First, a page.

display | more...

History

Introduced as a branded low tar cigarette in 1963 by the Gallaher Group, Silk Cut has established itself as one of the leading brands of cigarette in the United Kingdon and Europe.

Designed by Gallaher to fill a market gap for mild cigarettes, the brand was release in time to capture market share of the many smokers wishing for a 'healthier' cigarette. The brand's low tar and reduced nicotine attracted many of these smokers aiming for a safer alternative, and this growth continued despite warnings that reduced tar does not necessarily mean reduced risk.

Interestingly, the company did not take the normal route to reduce the cigarette's tar content. Typically, to reduce strength a tobacco company will increase the amount of holes in a cigarette to cause more air to be mixed with smoke. In the case of Silk Cut, the amount of holes was increase, but another step was taken. Only 75% of the cigarette is tobacco, the other 25% is a cellulose based material called Cytrel.

Cytrel is an interesting substance. Development began for a replacement for tobacco in cigarettes began in the 1950s. The reason for this was to reduce 'undesirable tobacco smoke components' present in cigarettes (which also make the tobacco industry's claims later on very interesting). Cyrel was developed by Celanese Fiber Marketing Company.

The fiber went through a difficult development, with scientists struggling to achieve acceptable smoking, taste and manufacturing properties. However, the product was of a lower density of tobacco and useful as a bulking agent so development continued. After five revisions the Celanese Fiber Marketing Company released Type 308 to the market.

An interesting tidbit of information is that while Silk Cut was released in 1964, animal testing for Cytrel Type 308 was not completed until 1970. An interesting result was that survival time for mice exposed to the tobacco smoke of 75% tobacco and 25% cytrel was less than 100% tobacco smoke. Despite this result, in testing Type 308 did reduce some cancer causing risks.

Growth of Silk Cut continued rapidly throughout the 1970s and 80s largely due to the firm's imaginative advertising campaign. Due to severe restrictions in British print advertising (at the displaying the product was illegal) the brand was marketed using increasingly abstract forms, sharing many similarities with advertising Benson + Hedges received during the period (both being Gallaher brands).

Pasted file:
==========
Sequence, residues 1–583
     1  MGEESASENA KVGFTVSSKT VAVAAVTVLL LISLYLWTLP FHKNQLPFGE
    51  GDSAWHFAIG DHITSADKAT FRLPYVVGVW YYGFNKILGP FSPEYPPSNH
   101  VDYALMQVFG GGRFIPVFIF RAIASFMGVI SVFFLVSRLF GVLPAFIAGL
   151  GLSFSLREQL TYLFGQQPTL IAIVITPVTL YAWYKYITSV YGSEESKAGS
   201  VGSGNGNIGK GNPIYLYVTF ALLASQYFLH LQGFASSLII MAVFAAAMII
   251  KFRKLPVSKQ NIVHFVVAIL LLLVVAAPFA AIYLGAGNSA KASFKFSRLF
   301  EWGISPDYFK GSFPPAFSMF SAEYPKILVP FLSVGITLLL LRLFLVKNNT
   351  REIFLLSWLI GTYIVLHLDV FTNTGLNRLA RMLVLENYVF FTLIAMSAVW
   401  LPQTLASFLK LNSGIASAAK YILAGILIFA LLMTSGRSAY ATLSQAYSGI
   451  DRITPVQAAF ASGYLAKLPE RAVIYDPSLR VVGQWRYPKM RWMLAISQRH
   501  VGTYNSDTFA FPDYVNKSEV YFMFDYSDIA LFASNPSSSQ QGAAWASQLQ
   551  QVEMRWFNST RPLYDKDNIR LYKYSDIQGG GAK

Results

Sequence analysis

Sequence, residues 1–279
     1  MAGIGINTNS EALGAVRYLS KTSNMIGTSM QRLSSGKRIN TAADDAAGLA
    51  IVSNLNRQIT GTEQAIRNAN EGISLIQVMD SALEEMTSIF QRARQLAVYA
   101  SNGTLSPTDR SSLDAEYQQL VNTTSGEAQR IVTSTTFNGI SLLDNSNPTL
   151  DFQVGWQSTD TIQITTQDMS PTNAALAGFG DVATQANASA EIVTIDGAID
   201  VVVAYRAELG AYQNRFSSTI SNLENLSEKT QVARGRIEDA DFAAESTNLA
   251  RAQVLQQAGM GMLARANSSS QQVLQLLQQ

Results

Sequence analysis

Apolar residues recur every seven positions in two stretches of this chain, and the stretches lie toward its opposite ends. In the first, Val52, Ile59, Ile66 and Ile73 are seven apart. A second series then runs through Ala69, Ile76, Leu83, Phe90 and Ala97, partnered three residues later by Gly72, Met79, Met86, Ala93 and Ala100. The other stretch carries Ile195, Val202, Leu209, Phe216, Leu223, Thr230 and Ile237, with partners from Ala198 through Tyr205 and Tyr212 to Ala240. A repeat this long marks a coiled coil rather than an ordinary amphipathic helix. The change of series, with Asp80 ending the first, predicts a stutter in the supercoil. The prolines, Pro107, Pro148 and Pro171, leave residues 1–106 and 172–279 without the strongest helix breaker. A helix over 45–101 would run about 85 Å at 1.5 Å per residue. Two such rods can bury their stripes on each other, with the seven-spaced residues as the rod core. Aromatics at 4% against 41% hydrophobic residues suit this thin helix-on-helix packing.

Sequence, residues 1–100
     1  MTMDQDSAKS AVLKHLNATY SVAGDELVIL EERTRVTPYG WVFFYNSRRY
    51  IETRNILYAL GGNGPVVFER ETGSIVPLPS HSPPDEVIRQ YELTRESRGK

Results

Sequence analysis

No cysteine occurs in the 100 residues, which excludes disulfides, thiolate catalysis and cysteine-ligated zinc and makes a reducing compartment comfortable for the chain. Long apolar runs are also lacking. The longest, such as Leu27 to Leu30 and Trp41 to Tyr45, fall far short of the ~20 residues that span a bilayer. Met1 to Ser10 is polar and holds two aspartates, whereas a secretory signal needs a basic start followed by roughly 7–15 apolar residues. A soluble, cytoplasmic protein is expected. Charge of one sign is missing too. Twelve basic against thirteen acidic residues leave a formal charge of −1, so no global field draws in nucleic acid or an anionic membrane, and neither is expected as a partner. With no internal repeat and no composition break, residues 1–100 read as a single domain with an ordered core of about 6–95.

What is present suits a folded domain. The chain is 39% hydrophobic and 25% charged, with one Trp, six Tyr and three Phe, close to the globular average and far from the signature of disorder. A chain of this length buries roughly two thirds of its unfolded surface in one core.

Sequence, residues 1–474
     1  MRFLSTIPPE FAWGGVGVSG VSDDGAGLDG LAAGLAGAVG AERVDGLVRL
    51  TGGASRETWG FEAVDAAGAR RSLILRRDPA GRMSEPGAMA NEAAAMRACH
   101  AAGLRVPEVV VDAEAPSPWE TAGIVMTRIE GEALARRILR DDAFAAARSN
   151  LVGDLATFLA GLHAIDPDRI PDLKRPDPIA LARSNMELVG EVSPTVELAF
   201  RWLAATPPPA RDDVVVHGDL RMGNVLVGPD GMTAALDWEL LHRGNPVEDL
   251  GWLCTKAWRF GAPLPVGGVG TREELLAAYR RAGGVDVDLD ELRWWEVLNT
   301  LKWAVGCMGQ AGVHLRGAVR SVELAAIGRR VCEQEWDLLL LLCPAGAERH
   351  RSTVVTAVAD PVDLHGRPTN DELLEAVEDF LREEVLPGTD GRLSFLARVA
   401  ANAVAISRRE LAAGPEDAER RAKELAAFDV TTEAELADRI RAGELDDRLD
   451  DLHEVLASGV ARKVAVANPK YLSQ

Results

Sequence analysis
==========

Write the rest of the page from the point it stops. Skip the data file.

Playing on the brand's white and purple packaging, the advertisements contained many striking images of purple silk being damaged by all manner of scissors, knives and (rather ironically) surgical instruments. Early in the 1990s the advertisements ceased due to a total tobacco advertising ban coming into effect in the United Kingdom.

In 1994 Gallaher Group sold the rights of the brand to British American Tobacco for all markets outside of the UK and western Europe. This was marketed as an attempt to allow Gallaher to focus on meeting the demands of Europeans.

To increased market share, Silk Cut also released cigarettes with tar levels further reduced (Ultra Low contained 0.1mgs). Early in 2000 the brand released the first British cigarette to be in a slim configuration targeted towards female smokers.

Despite being the leading cigarette brand in the UK in 1990, this market share was reduced to increasing taxes on cigarettes and the rise of budget brands on the market. However, Silk Cut continues to be the leading reduced tar cigarette on the UK market.

Sponsorship

As direct advertising became illegal in the UK, many tobacco companies turned to sports advertising. The brand sponsored the Silk Cut Challenge Cup, which was a rugby league championship until 2001 when such sponsorships where banned.

References

http://en.wikipedia.org/wiki/Silk_Cut

http://www.gallaher-group.com/

http://www.alastairmcintosh.com/images/silkcut.htm

http://www.bmj.com/cgi/content/full/321/7257/366

http://tobaccodocuments.org/rjr/501012107-2191.html

Log in or register to write something here or to contact authors.